In their current pre-publication Hammond et al investigate the emergence of resistance to a homing-based gene drive designed to disrupt a gene essential for female Anopheles gambiae fertility.
In recent years, there has been much theoretical design and modeling work concerning the use of CRISPR/Cas9 as a gene drive system. Gene drives have great potential for pest control, and could be used for the purposes of modifying or suppressing populations.
The authors originally developed a gene drive system to disrupt a gene involved in female fertility and this was the first empirical study on CRISPR/Cas9-based gene drives for the purposes of population suppression
Initially, heterozygous individuals for the gene drive transmitted the drive to >99% of their offspring and females had an approximately 90% reduction in fertility. However, after long-term monitoring the frequency of the gene drive decreased to less than 20% by G12 and multiple nuclease homing resistant alleles had evolved. Interestingly, the resistant alleles differed in their ability to restore fertility.
By mapping sequences against the Anopheles gambiae genome, the authors observed deletions with a wide range of sizes from G2 to G12, with the population of indels becoming less diverse. In later generations, the 4 most abundant resistant alleles were those with in-frame deletions or insertions. The same deletions ere observed in mutiple haplotypes.
To test if mutant alleles conferred resistance to homing and if the in-frame indels did not disrupt target gene function, Hammond et al. crossed heterozygous females from G20 with wild type males. Most crosses generated viable progeny at rates significantly higher than previously observed (~99%). The offspring also showed non-biased inheritance of the gene drive construct (~51%), consistent with Mendelian segregation.
Hammond et al. also determined if decreased homing was due to mutations in the target site or to underlying mutations in the coding sequences of Cas9 or the gRNAs, resulted in transmission rates significantly higher than expected by Mendelian inheritance, but lower than previously reported. The authors speculate that the reduced gene drive activity could be attributed to maternally-loaded Cas9, leading to indels in zygotes of heterozygous mothers. This indel formation is significant because zygotes carrying a wild-type allele could be resistant to further cutting, that would be required for the propagation of the gene drive. This is a possible avenue for resistance formation and an embryonic end-joining rate of 79.6% of wild type alleles being converted to cleavage-resistant alleles.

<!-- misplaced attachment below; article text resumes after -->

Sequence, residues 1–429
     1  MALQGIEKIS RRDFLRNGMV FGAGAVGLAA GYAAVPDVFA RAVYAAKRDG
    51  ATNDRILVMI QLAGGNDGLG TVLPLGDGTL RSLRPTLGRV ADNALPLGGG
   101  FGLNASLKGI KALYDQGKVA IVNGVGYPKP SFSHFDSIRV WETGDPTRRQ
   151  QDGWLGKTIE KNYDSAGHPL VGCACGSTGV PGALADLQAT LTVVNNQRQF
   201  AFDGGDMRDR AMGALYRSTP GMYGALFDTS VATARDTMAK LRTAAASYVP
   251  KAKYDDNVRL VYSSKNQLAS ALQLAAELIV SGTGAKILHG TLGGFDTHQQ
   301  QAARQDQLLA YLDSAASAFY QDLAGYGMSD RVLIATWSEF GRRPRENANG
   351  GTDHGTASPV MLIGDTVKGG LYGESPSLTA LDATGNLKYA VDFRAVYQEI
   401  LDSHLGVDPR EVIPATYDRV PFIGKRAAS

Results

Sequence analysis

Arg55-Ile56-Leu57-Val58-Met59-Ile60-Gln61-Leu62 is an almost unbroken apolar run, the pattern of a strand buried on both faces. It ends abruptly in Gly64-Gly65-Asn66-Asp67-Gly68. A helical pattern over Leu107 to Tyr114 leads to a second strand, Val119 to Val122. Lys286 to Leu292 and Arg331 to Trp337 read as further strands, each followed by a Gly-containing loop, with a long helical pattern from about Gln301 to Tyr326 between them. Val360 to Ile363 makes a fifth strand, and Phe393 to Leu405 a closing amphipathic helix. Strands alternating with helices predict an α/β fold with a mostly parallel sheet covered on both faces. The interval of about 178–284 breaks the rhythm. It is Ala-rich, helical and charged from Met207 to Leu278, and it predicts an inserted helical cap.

The resistance to gene drive could be a major limitation of this technology and warrants thorough investigation. The results of Hammond et al agree with the current literature that indicates the propensity of a pest to develop resistance to drive may likely be species and construct specific.
Hammond et al. also stress the likely importance of population structure and genetic diversity in natural populations as a likely limitation of current drive architecture and this will warrant design alterations in order to achieve successful drive.
This paper should be of special interest to gene drive developers. Key recommendations in this paper are to have target sites with low tolerance for sequence variation, and to select for sites with a lower propensity for the production of indels that can confer resistance to drive and restore target gene function. Perhaps most interesting is the authors’ observation of embryonic end joining and their emphasis on the importance of using tightly regulated, early germline promoters to drive expression of the nuclease to reduce maternal effects.